The offer, which starts August 21 and runs through August 27, promises a free, 16GB Wi-Fi version of the Android tablet to any customer who purchases a 46-inch or 55-inch, LED-lit 3D TV worth $1,500 or $2,000.
Electronista notes that the deal isn't as drastic as the $100 TouchPad price drop that lasted a week before HP on Thursday ultimately waved the white flag in defeat, but is nonetheless unusual for a $500 device that's been on the market for just a few weeks.
As the nation's largest specialty electronics retailer, Best Buy has been placing big bets on sales of tablet devices following the success of the iPad but hasn't seen the reception it was expecting for some of the non-Apple devices.
For instance, a report from earlier this week noted that big-box retailer took delivery of 270,000 HP TouchPads and but only managed to sell 25,000 units, or less than 10 percent of its inventory. A $100 price cut on the 9.7-inch devices did little to spur demand, with one analyst vouching his belief that the discount actually backfired by prompting customers to wait for further savings.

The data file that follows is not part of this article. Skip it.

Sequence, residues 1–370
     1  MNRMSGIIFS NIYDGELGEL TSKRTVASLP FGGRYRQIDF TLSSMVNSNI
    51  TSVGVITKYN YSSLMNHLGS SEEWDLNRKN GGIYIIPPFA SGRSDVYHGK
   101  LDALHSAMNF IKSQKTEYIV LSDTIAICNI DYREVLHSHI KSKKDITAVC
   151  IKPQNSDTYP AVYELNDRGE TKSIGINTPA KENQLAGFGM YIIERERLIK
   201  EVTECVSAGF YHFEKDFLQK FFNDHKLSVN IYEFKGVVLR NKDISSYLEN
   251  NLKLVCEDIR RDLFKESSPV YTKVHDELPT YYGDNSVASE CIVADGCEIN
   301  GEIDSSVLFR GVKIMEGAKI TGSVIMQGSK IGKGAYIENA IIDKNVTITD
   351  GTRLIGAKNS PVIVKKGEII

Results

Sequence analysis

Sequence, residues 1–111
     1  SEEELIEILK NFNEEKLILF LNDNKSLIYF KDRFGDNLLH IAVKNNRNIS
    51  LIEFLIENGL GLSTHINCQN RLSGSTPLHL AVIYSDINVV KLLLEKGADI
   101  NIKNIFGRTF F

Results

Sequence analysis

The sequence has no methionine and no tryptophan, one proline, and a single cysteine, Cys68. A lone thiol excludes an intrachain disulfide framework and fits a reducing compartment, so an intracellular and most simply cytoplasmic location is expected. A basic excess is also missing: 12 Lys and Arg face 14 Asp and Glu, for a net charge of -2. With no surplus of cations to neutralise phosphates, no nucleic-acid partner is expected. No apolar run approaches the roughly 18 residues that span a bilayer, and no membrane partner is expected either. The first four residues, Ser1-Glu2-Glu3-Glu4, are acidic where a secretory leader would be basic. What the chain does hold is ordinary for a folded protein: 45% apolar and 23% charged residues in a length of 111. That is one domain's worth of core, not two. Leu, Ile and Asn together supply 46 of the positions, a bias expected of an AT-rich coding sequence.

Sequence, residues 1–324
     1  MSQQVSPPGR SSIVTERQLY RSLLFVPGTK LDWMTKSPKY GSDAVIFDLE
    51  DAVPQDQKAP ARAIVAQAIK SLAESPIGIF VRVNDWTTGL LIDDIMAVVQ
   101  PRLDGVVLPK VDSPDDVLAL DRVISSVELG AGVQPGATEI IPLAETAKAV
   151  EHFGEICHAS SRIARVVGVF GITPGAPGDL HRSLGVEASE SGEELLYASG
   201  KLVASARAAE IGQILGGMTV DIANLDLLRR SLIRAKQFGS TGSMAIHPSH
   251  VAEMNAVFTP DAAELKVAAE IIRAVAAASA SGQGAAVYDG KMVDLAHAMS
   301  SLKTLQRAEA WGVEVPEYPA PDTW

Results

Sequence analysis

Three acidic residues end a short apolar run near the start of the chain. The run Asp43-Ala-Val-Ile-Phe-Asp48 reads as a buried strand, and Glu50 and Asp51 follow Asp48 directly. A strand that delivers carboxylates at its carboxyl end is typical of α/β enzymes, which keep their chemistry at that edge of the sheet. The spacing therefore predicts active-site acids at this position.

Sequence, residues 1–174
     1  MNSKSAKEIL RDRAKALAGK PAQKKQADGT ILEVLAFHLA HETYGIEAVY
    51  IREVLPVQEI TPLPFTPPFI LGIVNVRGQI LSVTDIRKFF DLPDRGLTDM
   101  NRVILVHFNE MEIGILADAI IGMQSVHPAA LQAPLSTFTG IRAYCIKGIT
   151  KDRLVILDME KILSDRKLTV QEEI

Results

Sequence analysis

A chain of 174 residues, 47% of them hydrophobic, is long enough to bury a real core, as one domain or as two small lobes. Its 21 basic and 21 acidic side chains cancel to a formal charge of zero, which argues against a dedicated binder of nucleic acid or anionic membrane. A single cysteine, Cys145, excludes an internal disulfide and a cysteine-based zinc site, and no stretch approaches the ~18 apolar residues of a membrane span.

Disgruntled over the matter, Best Buy reportedly refused to pay for the remaining tablets and asked that HP take them back. But after pleading with the retailer to be patient, HP shocked the tech world on Thursday when it announced plans to scrap the TouchPad and all of its existing and future webOS devices entirely, essentially conceding the tablet market to Apple.
As part of the restructuring, HP said it would take a $.05 charge per share to account for the stockpile of unsold TouchPad, which, given the company's 2.07 billion outstanding shares, amounts to just over $100 million.
The discontinuation of its mobile device initiative is part of a broader move that may see HP exit the hardware business entirely, likely spinning off its low-margin PC business as part of a shift in strategy that will see it challenge IBM on the software and services front rather than battle Apple on its highly-profitable hardware sales.
For its part, Samsung is not only challenged with making its Galaxy Tabs appear as viable alternatives to the iPad, it's also fighting Apple to keep the devices on the market. Following a series of patent infringement lawsuits filed by Apple, a German court last week barred the sale of the Galaxy Tab across all of Europe, except for the Netherlands, where a separate complaint was pending.
Although the ban was partially suspended by a judge earlier this week, the separate suit filed in the Netherlands was revealed Friday to have Apple seeking an injunction banning Samsung's entire Galaxy series throughout the European Union. This reportedly includes both smartphones — the Galaxy Ace, Galaxy S and Galaxy SII — as well as tablets: the Galaxy Tab 7 and Galaxy Tab 10.1.
As part of the complaint, Apple is demanding that Samsung and its subsidiaries send a "letter of request" to all their European clients, ordering them to recall all of the infringing stock "within 14 days" and offer compensation of the purchase price as well as transportation costs.